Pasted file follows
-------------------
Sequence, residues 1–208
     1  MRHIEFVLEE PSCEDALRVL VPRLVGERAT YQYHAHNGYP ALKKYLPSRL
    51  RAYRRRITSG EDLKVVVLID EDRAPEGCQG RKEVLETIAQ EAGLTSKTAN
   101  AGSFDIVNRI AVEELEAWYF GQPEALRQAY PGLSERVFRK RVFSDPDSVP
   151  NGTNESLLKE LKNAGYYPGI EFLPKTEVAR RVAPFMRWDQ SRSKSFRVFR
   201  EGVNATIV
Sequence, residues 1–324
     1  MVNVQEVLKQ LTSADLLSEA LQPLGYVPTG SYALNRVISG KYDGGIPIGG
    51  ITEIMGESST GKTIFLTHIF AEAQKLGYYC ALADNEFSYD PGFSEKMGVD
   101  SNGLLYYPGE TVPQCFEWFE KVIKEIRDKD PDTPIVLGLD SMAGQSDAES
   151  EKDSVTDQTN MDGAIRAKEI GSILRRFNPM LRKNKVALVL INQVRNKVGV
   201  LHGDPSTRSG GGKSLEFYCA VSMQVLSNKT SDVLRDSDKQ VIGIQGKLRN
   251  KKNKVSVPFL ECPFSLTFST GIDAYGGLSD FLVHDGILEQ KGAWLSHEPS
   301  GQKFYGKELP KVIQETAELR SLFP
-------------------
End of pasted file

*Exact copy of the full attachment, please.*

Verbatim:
Sequence, residues 1–208
     1  MRHIEFVLEE PSCEDALRVL VPRLVGERAT YQYHAHNGYP ALKKYLPSRL
    51  RAYRRRITSG EDLKVVVLID EDRAPEGCQG RKEVLETIAQ EAGLTSKTAN
   101  AGSFDIVNRI AVEELEAWYF GQPEALRQAY PGLSERVFRK RVFSDPDSVP
   151  NGTNESLLKE LKNAGYYPGI EFLPKTEVAR RVAPFMRWDQ SRSKSFRVFR
   201  EGVNATIV
Sequence, residues 1–324
     1  MVNVQEVLKQ LTSADLLSEA LQPLGYVPTG SYALNRVISG KYDGGIPIGG
    51  ITEIMGESST GKTIFLTHIF AEAQKLGYYC ALADNEFSYD PGFSEKMGVD
   101  SNGLLYYPGE TVPQCFEWFE KVIKEIRDKD PDTPIVLGLD SMAGQSDAES
   151  EKDSVTDQTN MDGAIRAKEI GSILRRFNPM LRKNKVALVL INQVRNKVGV
   201  LHGDPSTRSG GGKSLEFYCA VSMQVLSNKT SDVLRDSDKQ VIGIQGKLRN
   251  KKNKVSVPFL ECPFSLTFST GIDAYGGLSD FLVHDGILEQ KGAWLSHEPS
   301  GQKFYGKELP KVIQETAELR SLFP